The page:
## Methods

### Tritter operation in the proposed setup

A schematic diagram of the tritter that corresponds to the unitary operator \({\hat{U}}_{3}\) is shown in Fig. 7. The tritter contains only linear optical elements: two 50:50 beam splitters, one beam splitter whose reflectivity is 1/3 and several phase shifters. When the input states is one of the state described in Eq. (2), the output state after the tritter operation can be easily obtained from the input-output relation of the tritter given in Eq. (1); the possible states are given in Eq. (14):

where *i* ∈ {0, 1, 2}, the value of a subscript *j* in Eq. (14) is equal to as 3 + [*j* (mod 3)] if a number in the subscript is larger than 5, and an unimportant global phase is ignored. The results for the discrimination setup (Eq. (3)) are obtained directly from Eq. (14).

###
*d*-dimensional *d*-photon state discrimination setup

Our proposed setup can be easily generalized to a setup for *d*-dimensional *d*-photon entangled state discrimination. For *d*-dimensional *d*-photon entangled state discrimination, we need to generalize the three-path operation in Eq. (1) to a *d*-path operation, which is described by a *d* × *d* discrete Fourier transform operation \({\hat{U}}_{d}\), as shown in Eq. (15):

where *χ* = exp(2*πi*/*d*). The unitary operation \({\hat{U}}_{d}\) can be realized by means of a tritter with *d* inputs and *d* outputs. As an extension of the tripartite entangled qutrit state discrimination setup, the *d*-dimensional *d*-photon entangled state discrimination setup consists of a *d*-input *d*-output tritter, *d* nondestructive photon number measurements, and *d*^{2} on-off detectors. One of the states that the generalized setup can discriminate is very similar to the state that can be discriminated by means of the existing setup^{59}, this state is given in Eq. (16):

where

and |vac〉 means the vacuum state. Let us recall that in our notation, \({\hat{a}}_{xy}^{\dagger }\) is the photon creation operator whose orthonormal mode is *x* and whose path label is *y*; thus, it can be rewritten as \({\hat{a}}_{xy}^{\dagger }|\mathrm{vac}\rangle =|{x}_{y}\rangle \). If we extend the state with respect to the first row, then the state is rewritten as shown in Eq. (18):

where

and Λ_{0i} is the (*d* − 1) × (*d* − 1) submatrix obtained by omitting the (*i* + 1)th column and first row of Λ. Similar to the case of tripartite entangled qutrit state discrimination, all states that the generalized setup can discriminate are orthogonal to |Φ_{0}〉 with a phase factor *χ*; these states can be described as given in Eq. (20):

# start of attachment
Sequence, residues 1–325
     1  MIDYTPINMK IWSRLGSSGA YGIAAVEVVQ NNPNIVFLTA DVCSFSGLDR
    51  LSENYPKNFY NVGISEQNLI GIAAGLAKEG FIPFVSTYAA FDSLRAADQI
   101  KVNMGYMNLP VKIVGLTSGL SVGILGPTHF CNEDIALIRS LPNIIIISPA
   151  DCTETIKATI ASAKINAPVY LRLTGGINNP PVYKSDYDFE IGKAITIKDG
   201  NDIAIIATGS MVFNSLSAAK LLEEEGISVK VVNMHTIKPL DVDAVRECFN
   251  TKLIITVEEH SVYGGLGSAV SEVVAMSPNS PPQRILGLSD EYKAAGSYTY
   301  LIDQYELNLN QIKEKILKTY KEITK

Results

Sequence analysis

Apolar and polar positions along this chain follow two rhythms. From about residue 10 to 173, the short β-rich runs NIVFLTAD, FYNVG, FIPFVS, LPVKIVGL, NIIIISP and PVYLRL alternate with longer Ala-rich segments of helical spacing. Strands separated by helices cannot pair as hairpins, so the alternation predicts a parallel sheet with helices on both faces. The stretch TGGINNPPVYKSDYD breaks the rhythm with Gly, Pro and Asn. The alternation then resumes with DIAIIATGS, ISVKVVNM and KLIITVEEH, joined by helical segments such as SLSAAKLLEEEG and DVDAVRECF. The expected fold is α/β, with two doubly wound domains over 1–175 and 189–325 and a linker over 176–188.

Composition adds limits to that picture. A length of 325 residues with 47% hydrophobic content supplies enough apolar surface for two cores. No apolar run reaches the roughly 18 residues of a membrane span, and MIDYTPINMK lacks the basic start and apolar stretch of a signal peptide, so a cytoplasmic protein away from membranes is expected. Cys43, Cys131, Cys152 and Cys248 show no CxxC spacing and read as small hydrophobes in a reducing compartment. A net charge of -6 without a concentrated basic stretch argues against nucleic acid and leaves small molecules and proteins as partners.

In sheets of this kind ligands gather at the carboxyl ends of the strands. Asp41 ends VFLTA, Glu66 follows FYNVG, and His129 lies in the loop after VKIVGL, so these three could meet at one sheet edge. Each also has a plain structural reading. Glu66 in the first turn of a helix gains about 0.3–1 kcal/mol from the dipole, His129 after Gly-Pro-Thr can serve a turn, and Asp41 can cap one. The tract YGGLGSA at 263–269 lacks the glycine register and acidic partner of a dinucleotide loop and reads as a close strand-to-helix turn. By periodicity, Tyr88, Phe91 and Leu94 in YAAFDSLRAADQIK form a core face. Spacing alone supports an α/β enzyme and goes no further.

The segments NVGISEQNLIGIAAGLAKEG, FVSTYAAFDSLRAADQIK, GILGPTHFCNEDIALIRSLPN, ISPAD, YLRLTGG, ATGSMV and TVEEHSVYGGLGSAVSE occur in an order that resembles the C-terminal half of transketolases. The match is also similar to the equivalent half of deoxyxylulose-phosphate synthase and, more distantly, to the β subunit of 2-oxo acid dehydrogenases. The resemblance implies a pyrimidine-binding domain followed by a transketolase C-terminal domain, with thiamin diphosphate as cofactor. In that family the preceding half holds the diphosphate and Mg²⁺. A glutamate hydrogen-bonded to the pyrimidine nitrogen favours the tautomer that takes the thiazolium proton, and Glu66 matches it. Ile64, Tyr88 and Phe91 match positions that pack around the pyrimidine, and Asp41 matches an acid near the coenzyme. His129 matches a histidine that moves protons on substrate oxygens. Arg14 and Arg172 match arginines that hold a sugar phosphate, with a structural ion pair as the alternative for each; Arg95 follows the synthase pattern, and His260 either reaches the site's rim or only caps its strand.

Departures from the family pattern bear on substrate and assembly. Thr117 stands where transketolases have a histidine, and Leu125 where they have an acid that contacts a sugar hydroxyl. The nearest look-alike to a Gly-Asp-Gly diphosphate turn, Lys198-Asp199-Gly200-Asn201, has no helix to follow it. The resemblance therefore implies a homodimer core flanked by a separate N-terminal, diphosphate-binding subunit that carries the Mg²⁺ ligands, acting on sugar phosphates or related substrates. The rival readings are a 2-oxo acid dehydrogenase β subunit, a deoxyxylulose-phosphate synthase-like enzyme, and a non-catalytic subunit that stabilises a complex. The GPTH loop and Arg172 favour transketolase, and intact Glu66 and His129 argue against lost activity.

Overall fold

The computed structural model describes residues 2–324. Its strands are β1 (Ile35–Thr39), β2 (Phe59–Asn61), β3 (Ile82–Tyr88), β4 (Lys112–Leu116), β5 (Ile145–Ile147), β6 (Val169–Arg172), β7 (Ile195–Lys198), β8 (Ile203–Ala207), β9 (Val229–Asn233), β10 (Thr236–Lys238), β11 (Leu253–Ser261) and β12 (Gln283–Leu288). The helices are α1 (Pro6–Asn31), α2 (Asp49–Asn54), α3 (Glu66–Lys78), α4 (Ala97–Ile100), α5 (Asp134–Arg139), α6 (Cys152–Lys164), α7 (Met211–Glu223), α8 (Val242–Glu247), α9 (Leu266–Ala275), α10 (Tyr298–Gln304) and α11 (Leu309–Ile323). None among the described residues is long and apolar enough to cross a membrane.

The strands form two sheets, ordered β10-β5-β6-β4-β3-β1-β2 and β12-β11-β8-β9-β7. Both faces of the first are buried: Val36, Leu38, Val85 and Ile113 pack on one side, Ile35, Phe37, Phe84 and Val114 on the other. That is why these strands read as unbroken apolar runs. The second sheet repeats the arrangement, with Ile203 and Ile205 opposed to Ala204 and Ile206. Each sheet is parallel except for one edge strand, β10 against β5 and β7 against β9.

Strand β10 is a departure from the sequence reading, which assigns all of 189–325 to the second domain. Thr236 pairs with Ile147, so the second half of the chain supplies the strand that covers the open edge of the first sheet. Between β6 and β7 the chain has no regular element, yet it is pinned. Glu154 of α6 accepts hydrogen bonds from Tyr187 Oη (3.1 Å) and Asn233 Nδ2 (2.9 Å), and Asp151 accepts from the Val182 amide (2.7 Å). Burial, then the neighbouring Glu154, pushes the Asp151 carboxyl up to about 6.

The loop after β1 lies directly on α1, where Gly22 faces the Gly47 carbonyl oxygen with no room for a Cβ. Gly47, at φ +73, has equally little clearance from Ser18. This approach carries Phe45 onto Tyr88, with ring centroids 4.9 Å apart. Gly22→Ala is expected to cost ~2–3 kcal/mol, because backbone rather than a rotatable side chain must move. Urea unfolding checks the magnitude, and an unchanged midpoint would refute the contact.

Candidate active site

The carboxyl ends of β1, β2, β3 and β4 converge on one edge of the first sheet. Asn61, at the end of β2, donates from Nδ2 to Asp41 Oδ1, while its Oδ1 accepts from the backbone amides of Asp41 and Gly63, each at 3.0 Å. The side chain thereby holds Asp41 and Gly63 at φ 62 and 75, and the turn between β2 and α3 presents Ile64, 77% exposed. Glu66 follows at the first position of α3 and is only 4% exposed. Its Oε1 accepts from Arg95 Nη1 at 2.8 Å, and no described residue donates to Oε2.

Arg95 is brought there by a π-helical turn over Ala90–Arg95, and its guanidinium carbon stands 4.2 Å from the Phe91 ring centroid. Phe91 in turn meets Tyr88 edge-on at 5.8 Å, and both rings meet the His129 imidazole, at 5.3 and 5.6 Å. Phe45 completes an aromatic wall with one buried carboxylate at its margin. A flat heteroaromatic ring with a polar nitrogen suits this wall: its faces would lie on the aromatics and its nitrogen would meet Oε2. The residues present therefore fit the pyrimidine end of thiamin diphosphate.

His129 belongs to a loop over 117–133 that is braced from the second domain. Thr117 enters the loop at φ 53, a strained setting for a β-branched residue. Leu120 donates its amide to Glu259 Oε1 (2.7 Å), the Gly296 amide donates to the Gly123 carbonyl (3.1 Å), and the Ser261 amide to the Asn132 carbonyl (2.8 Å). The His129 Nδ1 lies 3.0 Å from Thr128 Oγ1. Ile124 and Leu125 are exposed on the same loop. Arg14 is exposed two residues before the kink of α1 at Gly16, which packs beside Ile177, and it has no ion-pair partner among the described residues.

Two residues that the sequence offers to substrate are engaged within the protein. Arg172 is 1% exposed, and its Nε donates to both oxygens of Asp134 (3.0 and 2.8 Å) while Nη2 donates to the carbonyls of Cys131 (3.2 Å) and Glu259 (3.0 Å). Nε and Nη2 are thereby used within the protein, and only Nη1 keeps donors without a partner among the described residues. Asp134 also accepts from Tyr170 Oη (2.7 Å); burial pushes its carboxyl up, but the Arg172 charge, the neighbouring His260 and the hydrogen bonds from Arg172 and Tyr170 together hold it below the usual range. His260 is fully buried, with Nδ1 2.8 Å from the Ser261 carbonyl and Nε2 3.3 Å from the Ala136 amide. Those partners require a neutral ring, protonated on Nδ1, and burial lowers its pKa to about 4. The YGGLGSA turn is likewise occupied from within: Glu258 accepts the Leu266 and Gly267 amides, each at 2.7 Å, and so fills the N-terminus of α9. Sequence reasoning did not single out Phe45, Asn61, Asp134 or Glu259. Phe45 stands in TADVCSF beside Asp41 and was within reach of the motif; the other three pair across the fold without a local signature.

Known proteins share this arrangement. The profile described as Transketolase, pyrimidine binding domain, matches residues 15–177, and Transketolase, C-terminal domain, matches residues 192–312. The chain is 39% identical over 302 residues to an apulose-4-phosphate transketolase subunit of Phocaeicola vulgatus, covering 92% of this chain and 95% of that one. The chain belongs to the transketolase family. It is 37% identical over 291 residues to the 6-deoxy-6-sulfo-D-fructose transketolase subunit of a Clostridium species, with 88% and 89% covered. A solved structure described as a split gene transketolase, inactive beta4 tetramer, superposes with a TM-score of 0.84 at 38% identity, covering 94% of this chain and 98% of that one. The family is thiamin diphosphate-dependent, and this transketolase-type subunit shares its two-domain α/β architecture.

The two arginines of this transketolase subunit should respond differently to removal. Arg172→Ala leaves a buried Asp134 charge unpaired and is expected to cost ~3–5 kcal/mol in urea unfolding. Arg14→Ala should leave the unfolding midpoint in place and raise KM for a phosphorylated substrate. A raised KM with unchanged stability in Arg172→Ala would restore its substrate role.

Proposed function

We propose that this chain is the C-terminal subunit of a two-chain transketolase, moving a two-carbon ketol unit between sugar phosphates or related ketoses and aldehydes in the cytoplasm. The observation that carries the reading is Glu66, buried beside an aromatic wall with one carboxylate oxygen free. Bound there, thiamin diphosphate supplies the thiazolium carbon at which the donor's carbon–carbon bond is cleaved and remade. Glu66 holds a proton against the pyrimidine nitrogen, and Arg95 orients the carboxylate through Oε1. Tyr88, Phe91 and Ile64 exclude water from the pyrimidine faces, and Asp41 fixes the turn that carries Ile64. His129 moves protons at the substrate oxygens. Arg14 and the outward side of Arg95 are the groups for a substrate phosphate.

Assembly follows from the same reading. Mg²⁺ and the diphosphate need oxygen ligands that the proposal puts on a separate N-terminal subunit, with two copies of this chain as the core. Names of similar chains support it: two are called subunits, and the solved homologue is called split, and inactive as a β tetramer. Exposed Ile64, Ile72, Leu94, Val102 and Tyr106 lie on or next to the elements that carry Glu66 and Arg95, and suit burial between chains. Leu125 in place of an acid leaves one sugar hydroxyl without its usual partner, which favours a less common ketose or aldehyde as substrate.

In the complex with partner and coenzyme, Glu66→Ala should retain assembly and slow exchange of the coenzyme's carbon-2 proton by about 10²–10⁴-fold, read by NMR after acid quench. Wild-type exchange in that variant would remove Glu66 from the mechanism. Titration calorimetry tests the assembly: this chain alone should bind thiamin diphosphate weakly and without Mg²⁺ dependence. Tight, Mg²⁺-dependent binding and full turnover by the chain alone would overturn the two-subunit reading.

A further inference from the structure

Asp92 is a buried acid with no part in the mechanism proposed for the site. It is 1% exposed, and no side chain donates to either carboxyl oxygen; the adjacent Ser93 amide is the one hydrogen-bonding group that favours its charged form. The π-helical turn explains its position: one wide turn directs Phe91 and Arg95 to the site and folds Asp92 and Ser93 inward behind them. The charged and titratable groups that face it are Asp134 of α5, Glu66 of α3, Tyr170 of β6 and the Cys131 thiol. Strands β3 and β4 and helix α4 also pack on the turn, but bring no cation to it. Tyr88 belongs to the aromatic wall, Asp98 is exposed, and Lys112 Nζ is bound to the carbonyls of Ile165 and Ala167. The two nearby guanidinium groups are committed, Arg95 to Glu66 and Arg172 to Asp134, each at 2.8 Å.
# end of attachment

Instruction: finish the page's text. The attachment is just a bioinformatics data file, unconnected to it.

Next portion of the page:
where *i* ∈ {0, 1, 2, 3, …, *d* − 1}. These *d* states can be discriminated from the combinations of clicked detectors in the generalized setup after post-selection using nondestructive photon number measurements.

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## Acknowledgements

We acknowledge the financial support from the National Security Research Institute (NSRI). W. Son acknowledges the support provided by KIAS through the Open KIAS Program.

## Author information

### Authors and Affiliations

### Contributions

Y.J. designed and analysed the protocols. K.B. contributed to the analysis. W.S. supervised the whole project. All authors reviewed the manuscript.

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### Competing Interests

Y. Jo was funded by the Agency for Defense Development (ADD). K. Bae and W. Son were funded by The National Security Research Institute (NSRI). W. Son received a salary from Sogang University. W. Son also acknowledges the University of Oxford and KIAS for their visitorship programme.

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### Cite this article

Jo, Y., Bae, K. & Son, W. Enhanced Bell state measurement for efficient measurement-device-independent quantum key distribution using 3-dimensional quantum states.
*Sci Rep* **9**, 687 (2019). https://doi.org/10.1038/s41598-018-36513-x

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DOI: https://doi.org/10.1038/s41598-018-36513-x